The results of two recent studies suggest that researchers may have identified a biological basis of trusting behavior. Researchers from the University of Zurich and Claremont Graduate University in California administered either oxytocin, a hormone involved in nurturing behavior and social attachment, or a placebo to study participants. These participants, all male college students, then played a game where they assumed the role of either a monetary investor or a trustee. The rules of the game dictated that the more money investors shared with their trustee, the more they could receive in return. But they were also taking the risk that the trustee would abuse their trust and give them little to no return on their investment.

Previous research has shown that humans don’t like to place this kind of trust in others, especially strangers. But in this new study, investors who received oxytocin before the interaction displayed more trusting behavior than investors who had received the placebo, transferring larger amounts of money to their trustees. What’s more, oxytocin did not affect the amount of money trustees gave back to investors, suggesting that the behavioral change caused by oxytocin was specific to trusting behavior, not kind or generous behavior in general.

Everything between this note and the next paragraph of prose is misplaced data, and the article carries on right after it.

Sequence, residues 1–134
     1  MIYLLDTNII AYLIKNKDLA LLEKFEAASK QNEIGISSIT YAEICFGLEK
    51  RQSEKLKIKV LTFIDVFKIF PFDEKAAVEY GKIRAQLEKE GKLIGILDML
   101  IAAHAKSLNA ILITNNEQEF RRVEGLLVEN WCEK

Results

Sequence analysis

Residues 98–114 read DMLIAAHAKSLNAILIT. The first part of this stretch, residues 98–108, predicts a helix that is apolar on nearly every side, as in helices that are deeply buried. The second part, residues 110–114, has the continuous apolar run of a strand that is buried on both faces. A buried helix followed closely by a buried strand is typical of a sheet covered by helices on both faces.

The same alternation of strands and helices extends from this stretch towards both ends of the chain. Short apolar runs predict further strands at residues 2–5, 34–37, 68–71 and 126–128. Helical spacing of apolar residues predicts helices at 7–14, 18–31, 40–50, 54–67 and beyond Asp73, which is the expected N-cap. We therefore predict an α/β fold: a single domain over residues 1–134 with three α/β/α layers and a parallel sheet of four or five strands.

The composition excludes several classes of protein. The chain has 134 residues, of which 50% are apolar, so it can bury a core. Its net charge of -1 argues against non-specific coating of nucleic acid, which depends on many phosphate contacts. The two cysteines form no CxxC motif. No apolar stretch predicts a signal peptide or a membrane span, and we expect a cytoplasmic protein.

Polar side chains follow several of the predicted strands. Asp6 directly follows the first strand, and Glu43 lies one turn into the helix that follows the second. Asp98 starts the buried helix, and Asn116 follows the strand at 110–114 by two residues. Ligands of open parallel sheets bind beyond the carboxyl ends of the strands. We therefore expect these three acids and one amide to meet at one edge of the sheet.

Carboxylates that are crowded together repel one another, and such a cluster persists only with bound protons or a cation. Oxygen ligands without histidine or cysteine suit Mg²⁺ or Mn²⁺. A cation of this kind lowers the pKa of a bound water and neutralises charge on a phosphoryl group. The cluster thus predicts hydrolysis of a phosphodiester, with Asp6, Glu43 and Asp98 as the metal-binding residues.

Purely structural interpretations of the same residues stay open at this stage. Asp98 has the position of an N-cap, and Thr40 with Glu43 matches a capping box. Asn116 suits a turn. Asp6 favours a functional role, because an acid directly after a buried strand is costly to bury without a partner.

But couldn’t oxytocin have affected another aspect of the investors’ behavior, perhaps their willingness to take risks? In fact, the researchers also created a variation on their game, where they replaced the trustee participant with a method of randomly determining how much return investors would receive. In this second game, when there was no human partner toward whom they could feel trust, investors who had received oxytocin did not transfer any more money than did members of the placebo group. Thus it seems that oxytocin had a particular effect on the investors’ feelings toward another human, not simply on their tolerance for risk.

The authors say that their findings could have far-reaching implications for the treatment of social phobias. Such conditions are often characterized by a persistent fear of social interaction and can result in severely impaired daily functioning, and even increased suicide risk. More than financial investors or trustees, perhaps it will be people with these conditions who benefit most from the new science of trust.

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